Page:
Australian dollar preserved gains against its US counterpart on Friday, as producer prices in Australia rose more than projected during Q3 and Chinese manufacturing activity expanded to reach an 18-month high in October.
AUD/USD touched a session high at 0.9490 at 6:35 GMT, after which consolidation followed at 0.9480, gaining 0.27% for the day. Support was likely to be received at October 14th low, 0.9435, while resistance was to be met at October 29th high, 0.9547.
It became clear that Australian index of producer prices climbed 1.3% during the third quarter of the year, following a 0.1% uptick in Q2, while preliminary estimates pointed a 0.3% advance. On annual basis, the index rose 1.9% in Q3, after another 1.2% increase in the preceding quarter.
According to a survey by the Australian Industry Group (AIG), the index of manufacturing activity in the country increased to a reading of 53.2 in the month of October, marking its highest level since 2010. The sub-indexes of production, employment, exports and new orders improved in value, while those, gauging inventories, deliveries and average wages dropped.
Also, on Friday China’s National Bureau of Statistics and China Federation of Logistics and Purchasing reported that nation’s manufacturing PMI came in at a reading of 51.4 in October, marking its highest point in 18 months and outstripping preliminary estimates pointing 51.2, while in September the index stood at 51.1. HSBC Holdings and Markit Economics said on October 24th, that the preliminary value of the index of manufacturing activity for China was higher than projected, rising to 50.9. Values above the key level of 50.0 usually indicate an expansion in activity. This data provided support for the Aussie, as China is Australias largest export market.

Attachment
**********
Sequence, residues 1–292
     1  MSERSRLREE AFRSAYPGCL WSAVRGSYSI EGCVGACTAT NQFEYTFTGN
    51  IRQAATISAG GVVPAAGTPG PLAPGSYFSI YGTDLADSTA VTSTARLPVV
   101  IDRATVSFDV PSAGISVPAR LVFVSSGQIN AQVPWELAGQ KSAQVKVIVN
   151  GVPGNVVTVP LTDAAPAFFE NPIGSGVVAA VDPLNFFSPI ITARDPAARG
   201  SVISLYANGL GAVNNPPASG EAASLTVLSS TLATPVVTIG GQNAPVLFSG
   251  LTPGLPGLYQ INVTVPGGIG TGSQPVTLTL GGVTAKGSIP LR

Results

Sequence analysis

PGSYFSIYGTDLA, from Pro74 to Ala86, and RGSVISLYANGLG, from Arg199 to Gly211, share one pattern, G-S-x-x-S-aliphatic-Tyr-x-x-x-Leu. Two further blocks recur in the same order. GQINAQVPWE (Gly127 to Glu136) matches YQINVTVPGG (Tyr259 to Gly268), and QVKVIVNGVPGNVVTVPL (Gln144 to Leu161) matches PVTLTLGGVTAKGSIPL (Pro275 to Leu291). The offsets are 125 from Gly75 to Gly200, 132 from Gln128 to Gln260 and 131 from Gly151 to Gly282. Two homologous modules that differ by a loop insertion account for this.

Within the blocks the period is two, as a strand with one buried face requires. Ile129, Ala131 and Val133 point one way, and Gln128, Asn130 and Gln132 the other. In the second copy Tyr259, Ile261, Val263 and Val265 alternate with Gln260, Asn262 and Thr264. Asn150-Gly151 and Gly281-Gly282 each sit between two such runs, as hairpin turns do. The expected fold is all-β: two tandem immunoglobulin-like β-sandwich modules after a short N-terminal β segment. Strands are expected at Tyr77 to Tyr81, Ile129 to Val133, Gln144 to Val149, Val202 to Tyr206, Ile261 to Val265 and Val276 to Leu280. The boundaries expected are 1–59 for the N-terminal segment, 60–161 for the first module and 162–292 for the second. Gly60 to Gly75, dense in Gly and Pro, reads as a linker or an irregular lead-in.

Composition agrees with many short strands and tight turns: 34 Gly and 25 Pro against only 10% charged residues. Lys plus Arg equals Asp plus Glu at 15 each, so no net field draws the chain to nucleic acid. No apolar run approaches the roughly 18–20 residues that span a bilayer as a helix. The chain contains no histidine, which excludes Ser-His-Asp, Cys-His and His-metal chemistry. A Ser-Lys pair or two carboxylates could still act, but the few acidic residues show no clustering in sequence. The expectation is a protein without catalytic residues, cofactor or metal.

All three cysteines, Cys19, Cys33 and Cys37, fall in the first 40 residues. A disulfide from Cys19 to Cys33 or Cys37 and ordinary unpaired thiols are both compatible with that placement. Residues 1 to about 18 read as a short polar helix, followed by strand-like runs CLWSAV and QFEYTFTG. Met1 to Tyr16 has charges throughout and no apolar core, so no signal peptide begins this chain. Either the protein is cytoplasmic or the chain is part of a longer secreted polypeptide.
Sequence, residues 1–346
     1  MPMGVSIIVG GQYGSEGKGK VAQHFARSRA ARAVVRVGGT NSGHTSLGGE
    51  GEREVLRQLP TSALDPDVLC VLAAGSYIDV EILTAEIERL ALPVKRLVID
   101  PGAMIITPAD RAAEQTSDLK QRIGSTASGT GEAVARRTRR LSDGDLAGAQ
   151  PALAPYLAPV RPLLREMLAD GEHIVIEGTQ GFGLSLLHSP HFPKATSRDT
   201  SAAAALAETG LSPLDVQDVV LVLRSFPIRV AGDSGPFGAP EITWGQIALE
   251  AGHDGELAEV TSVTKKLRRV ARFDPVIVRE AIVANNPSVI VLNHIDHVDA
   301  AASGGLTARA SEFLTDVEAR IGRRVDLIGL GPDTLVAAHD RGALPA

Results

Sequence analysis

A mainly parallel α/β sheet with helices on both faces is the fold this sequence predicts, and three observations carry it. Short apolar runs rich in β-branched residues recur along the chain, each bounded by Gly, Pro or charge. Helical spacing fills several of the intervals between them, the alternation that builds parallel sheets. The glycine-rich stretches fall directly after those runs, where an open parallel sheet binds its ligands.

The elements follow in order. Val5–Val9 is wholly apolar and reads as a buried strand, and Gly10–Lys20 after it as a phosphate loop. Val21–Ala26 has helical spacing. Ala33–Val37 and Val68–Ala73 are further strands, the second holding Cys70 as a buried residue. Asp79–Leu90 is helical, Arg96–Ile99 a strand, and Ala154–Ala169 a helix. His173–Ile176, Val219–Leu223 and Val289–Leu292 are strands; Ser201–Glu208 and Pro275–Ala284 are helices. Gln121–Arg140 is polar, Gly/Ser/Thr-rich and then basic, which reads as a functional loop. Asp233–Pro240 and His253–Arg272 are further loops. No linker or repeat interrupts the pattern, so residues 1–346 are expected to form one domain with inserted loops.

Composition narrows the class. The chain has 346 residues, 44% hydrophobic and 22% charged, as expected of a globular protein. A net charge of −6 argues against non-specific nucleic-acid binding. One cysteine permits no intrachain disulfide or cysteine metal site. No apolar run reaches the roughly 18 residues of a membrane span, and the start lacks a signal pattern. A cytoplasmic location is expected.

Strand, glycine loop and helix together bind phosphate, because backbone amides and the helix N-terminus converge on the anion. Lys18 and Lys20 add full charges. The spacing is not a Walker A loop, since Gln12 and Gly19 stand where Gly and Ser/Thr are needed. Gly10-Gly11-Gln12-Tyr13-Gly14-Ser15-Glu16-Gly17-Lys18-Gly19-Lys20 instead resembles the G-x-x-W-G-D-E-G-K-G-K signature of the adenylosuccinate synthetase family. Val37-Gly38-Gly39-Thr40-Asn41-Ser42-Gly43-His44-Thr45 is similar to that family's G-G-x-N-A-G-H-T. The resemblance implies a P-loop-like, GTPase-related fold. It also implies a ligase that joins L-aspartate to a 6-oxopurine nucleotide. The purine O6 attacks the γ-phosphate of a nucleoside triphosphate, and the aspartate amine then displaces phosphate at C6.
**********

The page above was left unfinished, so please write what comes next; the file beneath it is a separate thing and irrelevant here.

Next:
“The Chinese data today does help to alleviate concern around rising money-market rates and, along with better Australian and Korean PMI numbers, should give the Australian dollar support,” said Greg Gibbs, a senior currency strategist at Royal Bank of Scotland Group Plc in Singapore, cited by Bloomberg News. “There’s every chance that the Aussie does find its feet and firms again.”
The yield on Australian three-year bonds climbed four basis points, or 0.04 percentage point, to reach 3.05%, the same media imparted. Nations 10-year bonds gained also four basis points to reach 4.06%.
Meanwhile, the Federal Reserve Bank decided to maintain the current pace of its asset purchases at its policy meeting on October 29th-30th, as widely anticipated, because more evidence of an improving economic activity was to be obtained. Fed Chairman Ben Bernanke continued to press with the unprecedented accommodative policy into the final months of his mandate, as he strives to safeguard economic expansion achieved in four years from the impact of October’s partial government shutdown.
Elsewhere, the Aussie was higher against the euro, with EUR/AUD cross falling 0.63% on a daily basis to trade at 1.4277 at 7:30 GMT. AUD/NZD pair was losing 0.19% to trade at 1.1442 at 7:31 GMT.